I am going to avoid the apparent and terrifying implication in the decision to bomb Syria to protect British National security: that foreign lives are somehow worth less than British lives. It’s a real implication, as the government has agreed to an unknown body count of foreign innocents to stave off terror attacks on British soil that may result in a body count of 100 (estimated number, on my part, based on an average terror attack claiming 10 people or less and there being 10 terror attacks ― which is a high number).
I am also willing to play Devil’s Advocate here and simply accept that bombing Syria will stop terrorism on British soil. I don’t believe it will. But, I will accept that and see where it leads us. Let’s start with having a look at what the airstrikes will cost, in purely financial terms:
George Osborne has estimated the cost will be in the ‘low tens of millions of pounds’. He has given no indication of how it will cost so much less than our current spend in Iraq, exceeding £200 million every year. He also hasn’t explained how it will cost less than the £250 million spent on a 7-month involvement in Libya. More importantly, action in Libya didn’t get the results anybody wanted, so military action was increased and its total cost was £1.5 billion.
Oh dear. We have uncertainty margins ranging from the ‘low tens of millions’ to ‘£1.5 billion’, with further uncertainty regarding a potential £200 million annual subscription (or, £1 billion every 5 years).
It has to be said that £200 million is cheap. It’s barely enough to plug the gap between medical workers’ salary and giving them a decent salary. I doubt it will cover the costs of getting more medical staff to improve the working conditions of the existing staff (i.e. them being allowed time off1). But £1.5 billion? That’s a very different kind of sum of money: that would improve the NHS.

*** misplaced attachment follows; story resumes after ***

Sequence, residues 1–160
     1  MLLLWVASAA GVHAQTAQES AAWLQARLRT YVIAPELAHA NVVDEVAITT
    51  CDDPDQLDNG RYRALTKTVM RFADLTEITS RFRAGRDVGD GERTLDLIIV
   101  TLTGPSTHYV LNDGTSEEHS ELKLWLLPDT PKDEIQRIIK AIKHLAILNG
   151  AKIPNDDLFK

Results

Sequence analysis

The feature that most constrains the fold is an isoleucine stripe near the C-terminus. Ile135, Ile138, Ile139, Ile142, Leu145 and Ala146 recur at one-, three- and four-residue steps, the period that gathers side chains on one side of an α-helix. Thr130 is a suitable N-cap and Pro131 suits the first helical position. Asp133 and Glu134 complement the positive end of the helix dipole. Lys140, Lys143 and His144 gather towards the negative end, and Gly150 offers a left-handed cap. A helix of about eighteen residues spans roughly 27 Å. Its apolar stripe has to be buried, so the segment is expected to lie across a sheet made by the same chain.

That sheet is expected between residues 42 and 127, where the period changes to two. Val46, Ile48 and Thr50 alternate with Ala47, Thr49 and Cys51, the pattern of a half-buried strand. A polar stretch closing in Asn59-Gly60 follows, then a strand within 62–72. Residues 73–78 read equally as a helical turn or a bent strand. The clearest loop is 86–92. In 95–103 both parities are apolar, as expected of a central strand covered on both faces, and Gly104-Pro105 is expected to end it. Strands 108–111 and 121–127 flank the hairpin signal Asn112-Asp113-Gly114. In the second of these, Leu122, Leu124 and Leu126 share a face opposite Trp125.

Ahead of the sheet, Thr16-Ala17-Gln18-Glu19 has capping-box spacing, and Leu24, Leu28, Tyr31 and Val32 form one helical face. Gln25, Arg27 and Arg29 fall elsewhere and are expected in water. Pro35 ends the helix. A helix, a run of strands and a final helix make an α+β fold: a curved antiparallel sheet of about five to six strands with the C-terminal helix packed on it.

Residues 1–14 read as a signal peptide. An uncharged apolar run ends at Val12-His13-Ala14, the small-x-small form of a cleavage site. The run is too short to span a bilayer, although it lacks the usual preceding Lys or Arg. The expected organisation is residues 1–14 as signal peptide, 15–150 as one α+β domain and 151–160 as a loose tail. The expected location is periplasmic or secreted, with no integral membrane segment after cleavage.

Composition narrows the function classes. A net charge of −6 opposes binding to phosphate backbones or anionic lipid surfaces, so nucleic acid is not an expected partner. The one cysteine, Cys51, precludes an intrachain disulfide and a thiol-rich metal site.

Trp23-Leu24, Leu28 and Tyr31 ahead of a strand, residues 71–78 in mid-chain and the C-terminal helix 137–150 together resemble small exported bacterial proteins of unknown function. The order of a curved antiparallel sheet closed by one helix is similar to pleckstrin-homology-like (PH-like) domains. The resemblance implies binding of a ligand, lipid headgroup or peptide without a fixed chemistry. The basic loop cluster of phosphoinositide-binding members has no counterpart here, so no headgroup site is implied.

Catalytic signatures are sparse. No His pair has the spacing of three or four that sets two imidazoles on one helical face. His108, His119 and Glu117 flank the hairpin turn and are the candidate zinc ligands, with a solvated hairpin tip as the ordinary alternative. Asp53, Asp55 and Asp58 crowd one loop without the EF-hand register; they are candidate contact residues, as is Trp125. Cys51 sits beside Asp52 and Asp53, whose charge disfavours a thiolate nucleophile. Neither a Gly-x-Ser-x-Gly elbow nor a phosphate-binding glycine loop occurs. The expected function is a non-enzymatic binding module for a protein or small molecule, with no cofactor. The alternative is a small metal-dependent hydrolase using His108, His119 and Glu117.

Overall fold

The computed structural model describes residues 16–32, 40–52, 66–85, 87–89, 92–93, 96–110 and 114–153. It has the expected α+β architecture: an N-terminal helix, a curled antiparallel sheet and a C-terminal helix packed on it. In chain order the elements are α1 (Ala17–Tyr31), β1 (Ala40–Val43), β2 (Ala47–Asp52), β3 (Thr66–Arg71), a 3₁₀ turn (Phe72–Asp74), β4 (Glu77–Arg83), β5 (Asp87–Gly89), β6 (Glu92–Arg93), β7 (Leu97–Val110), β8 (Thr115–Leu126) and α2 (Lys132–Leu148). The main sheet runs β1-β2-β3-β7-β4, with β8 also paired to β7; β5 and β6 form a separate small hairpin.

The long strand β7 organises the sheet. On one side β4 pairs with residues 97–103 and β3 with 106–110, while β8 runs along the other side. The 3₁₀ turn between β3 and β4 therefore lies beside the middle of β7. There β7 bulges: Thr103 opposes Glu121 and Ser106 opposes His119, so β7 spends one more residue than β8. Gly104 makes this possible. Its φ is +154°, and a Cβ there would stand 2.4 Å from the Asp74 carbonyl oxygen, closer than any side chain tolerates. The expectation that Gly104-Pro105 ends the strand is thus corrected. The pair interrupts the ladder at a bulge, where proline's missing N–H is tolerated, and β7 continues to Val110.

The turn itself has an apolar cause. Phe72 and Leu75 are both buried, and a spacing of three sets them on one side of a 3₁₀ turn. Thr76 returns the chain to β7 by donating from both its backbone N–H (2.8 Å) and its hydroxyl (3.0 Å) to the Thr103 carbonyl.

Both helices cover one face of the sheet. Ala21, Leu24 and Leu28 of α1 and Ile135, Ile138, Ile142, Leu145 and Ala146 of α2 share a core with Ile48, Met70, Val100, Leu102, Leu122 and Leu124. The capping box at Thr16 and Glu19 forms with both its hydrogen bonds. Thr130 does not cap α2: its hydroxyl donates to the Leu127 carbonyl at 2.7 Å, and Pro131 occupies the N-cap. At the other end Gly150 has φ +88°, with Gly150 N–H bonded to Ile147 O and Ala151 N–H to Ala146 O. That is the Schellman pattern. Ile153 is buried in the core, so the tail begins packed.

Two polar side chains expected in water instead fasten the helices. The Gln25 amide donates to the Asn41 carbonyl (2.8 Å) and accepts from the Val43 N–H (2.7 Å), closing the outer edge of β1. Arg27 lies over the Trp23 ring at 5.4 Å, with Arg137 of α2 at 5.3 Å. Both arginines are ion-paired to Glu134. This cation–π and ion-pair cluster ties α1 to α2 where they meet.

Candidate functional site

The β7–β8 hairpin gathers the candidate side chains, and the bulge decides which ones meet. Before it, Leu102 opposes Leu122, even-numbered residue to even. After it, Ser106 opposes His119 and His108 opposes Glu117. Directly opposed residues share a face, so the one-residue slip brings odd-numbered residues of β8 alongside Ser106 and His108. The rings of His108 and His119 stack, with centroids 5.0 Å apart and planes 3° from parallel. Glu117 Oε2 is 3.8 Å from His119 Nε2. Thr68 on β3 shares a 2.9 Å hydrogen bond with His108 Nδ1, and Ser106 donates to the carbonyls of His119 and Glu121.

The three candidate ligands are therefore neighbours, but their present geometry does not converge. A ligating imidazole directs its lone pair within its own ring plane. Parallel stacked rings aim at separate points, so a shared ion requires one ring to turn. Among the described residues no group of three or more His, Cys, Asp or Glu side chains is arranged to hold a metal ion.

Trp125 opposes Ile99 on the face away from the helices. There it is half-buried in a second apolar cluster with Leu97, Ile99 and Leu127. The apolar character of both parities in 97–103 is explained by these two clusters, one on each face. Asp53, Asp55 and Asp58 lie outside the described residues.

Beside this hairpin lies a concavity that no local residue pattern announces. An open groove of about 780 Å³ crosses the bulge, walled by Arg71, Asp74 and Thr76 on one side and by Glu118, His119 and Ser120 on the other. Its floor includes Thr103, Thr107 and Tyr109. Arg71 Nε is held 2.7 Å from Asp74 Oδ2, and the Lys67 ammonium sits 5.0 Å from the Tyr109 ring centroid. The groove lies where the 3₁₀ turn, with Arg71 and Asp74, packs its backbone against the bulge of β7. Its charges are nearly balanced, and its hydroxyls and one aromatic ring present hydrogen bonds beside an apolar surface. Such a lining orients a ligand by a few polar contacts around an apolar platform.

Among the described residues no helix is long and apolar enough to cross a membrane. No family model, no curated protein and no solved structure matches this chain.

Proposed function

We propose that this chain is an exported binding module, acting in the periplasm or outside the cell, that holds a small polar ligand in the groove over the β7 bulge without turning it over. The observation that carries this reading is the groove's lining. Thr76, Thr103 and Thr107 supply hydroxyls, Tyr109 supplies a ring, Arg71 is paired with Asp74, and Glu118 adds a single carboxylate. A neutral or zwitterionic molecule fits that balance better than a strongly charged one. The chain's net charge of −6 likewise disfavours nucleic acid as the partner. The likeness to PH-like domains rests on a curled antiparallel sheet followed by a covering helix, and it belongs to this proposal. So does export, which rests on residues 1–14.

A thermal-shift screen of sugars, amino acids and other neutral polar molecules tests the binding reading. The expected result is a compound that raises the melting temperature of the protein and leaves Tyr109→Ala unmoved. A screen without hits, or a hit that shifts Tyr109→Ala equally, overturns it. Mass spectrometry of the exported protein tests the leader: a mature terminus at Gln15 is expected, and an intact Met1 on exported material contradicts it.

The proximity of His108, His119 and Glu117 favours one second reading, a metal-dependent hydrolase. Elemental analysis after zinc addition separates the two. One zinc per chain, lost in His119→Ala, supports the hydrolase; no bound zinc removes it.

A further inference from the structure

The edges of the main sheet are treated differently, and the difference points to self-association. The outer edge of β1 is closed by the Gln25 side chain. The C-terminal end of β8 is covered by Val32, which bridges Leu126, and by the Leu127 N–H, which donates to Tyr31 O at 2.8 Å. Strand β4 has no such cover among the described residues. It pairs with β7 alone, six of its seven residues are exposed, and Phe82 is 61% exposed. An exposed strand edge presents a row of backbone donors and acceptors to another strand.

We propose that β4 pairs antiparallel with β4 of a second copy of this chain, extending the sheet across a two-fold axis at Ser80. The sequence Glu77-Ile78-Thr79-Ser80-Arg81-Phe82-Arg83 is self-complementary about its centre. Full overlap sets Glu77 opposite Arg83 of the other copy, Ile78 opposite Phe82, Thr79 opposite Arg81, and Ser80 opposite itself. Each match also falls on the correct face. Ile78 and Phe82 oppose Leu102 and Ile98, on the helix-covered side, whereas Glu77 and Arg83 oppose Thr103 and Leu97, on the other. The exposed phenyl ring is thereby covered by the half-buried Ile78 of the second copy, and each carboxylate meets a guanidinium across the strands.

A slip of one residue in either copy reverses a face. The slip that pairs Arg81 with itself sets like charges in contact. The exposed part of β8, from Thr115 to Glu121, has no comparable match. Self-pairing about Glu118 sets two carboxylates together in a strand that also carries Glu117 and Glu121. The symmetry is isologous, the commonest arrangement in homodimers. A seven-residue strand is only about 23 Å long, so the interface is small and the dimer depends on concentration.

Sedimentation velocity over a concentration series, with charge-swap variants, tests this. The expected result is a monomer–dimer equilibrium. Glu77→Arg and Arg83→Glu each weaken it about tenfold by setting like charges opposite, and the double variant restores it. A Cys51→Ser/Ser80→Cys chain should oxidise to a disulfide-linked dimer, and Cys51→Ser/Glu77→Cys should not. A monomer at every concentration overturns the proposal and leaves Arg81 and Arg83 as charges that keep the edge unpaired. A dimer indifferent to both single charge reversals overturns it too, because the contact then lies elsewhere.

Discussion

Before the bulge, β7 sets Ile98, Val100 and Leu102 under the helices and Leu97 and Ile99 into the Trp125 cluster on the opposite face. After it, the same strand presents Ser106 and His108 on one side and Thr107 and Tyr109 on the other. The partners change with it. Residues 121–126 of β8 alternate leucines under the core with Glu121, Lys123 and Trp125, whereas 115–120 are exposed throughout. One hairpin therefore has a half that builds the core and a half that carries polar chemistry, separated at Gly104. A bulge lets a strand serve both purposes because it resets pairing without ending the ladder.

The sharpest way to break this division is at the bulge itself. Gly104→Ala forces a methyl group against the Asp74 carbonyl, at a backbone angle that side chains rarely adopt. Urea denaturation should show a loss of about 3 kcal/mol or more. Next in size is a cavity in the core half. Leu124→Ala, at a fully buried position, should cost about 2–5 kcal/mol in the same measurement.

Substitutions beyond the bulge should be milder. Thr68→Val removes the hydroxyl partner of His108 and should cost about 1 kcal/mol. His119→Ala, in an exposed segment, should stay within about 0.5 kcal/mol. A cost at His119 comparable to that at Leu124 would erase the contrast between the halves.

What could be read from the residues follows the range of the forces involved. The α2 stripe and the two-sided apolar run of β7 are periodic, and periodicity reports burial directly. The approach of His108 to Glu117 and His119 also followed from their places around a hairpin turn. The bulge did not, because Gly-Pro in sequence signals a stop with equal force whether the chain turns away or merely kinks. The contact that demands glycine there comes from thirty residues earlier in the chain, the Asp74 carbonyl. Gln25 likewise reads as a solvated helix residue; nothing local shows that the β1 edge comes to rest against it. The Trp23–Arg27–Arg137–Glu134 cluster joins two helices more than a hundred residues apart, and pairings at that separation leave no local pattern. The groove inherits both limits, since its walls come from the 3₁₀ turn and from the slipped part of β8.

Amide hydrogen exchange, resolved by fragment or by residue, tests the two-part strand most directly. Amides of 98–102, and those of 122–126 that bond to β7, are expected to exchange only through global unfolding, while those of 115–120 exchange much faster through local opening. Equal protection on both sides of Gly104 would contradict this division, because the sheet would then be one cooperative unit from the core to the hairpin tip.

I’m not bringing up the NHS for nothing. The NHS is a real tool for increasing the national security of the UK. It saves lives. It means the poorest people don’t go without healthcare. It adds hundreds of thousands of life-years2 to the population every year, more than has ever been taken away by terrorism on British soil. But people still die in the NHS: the number of mistakes being made is increased by poor funding. Poor funding makes communication and training difficult, and makes the NHS understaffed and the employees tired. We could fix this with well-planning funding.
So, that brings us to what the British people should be more scared of: terrorism or poor health. The British live in a country where it isn’t really apparent how quickly poor health could kill us. If I cut myself while cooking, I live in a society where I can expect it to be an acute and minor problem. Without the NHS, it is possible that cut could kill me. With an NHS, the odds of that shrink away into barely needing to be thought about. Terrorism: I’m already doing just fine not thinking about terrorism.
I say, if we really care about British lives, we pump the money we can expect to spend bombing Syria into the NHS and look at political agreements to starve Daesh of its oil revenue.
1 I’m not arguing that working in the NHS should be a normal 9 – 5 style job. But doctors and nurses should be allowed to rest. The 16-hour day should not be standard (would you want a surgeon to operate on you on the far-end of a 14 hour shift?).
2 I don’t know that a ‘life-year’ is a normal metric. But it doesn’t always make sense to talk about ‘saving a life’, because everyone dies eventually. Life years are a metric to show how much life someone had left after they were saved from their immediate problem.